* In the extraordinary form, on ferias outside of privileged seasons, the lessons from the preceding Sunday are repeated.

** The Typicon of the Ruthenian recension contains occasional commemorations of the passing of some individuals of holy life who have not been formally canonized or beatified and which do not appear in other calendars of the Byzantine Rite; Abraham of Rostov is one of these. No texts for these figure in the liturgy of the day.
   A note on the title "archimandrite": personal experience indicates that the customs surrounding how priests are sometimes honored in the Churches of the Byzantine Tradition is one of the most commonly misunderstood aspects of Eastern Christianity by their confreres in the West; to wit, Roman Catholics will assume that a priest who is called an “arch-priest” or an “archimandrite” is some sort of abbot or dean. In reality, these are purely honorary titles which correspond to the title “monsignor” in the Latin Church, with the important difference that they are conferred by the local bishop only, and not by the Holy Father. Like the title “monsignor,” there is no job or office that goes along with them. The bishop bestows these titles on whomever he wishes, for whatever reason he wishes, and there is no requirement that the priest so honored be given any particular assignment or authority.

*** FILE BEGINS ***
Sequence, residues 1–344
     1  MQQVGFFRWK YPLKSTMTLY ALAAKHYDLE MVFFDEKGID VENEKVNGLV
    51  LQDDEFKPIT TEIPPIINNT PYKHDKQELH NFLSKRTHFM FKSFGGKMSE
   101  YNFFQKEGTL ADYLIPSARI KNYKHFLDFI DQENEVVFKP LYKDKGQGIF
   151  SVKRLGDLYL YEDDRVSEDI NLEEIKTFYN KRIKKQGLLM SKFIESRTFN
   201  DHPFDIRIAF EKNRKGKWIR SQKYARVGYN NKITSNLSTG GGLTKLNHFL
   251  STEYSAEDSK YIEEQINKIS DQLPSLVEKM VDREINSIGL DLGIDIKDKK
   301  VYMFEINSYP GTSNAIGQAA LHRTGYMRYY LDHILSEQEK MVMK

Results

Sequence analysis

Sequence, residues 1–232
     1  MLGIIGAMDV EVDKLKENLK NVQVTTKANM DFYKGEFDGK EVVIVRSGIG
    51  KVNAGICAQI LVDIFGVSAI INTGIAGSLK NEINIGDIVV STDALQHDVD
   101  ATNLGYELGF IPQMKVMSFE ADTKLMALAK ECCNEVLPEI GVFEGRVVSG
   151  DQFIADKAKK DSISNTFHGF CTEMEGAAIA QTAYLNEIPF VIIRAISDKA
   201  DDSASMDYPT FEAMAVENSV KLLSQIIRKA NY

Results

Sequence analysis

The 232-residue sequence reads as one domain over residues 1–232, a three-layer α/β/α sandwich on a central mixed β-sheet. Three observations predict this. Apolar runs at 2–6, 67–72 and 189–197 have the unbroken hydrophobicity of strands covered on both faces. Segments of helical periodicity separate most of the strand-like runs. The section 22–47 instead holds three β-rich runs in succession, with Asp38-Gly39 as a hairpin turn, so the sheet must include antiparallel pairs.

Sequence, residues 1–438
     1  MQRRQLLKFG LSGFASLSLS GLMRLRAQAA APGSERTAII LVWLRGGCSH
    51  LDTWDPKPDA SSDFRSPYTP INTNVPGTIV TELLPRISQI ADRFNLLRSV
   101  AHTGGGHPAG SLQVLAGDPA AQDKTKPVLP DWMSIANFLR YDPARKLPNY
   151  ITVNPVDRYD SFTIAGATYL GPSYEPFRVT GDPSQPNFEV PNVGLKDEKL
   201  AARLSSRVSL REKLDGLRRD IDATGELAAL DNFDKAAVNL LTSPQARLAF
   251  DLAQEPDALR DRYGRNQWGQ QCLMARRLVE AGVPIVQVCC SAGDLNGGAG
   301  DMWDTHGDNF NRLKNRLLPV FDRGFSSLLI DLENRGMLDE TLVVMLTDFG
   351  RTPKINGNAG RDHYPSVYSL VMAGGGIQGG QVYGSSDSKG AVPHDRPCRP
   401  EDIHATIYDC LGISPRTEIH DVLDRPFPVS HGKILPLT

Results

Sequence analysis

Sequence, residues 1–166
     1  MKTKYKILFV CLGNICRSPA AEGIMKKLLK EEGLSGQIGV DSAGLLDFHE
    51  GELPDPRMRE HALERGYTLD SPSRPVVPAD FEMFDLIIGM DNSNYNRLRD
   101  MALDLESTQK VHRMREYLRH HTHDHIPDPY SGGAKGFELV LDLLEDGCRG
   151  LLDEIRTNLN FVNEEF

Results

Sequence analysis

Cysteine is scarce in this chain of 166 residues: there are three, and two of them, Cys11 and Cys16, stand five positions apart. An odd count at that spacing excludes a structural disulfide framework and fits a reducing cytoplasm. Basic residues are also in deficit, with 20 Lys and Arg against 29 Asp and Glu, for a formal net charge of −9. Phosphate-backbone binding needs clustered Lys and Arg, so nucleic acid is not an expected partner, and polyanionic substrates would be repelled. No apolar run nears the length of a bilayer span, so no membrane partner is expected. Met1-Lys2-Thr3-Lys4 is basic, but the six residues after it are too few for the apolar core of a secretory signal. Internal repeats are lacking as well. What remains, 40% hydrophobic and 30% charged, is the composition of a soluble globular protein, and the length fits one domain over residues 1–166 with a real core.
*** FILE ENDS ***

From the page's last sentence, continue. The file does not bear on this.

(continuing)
If the bishop is honoring a secular priest, he grants the title arch-priest, of which there are three ranks; if honoring a religious priest, he grants the title archimandrite. Oddly enough, in the case of an archimandrite, the honor is bestowed by the local bishop, and not by the priest's own religious superiors, sometimes without even consulting them, a remnant of the traditional tension that has always existed between the monasteries and the secular hierarchy in the Churches of Orthodoxy. In the Eastern Churches in union with Rome, the Code of Canons of the Eastern Churches provides more precise rules governing the relationship between the bishop and the montasteries within his territory.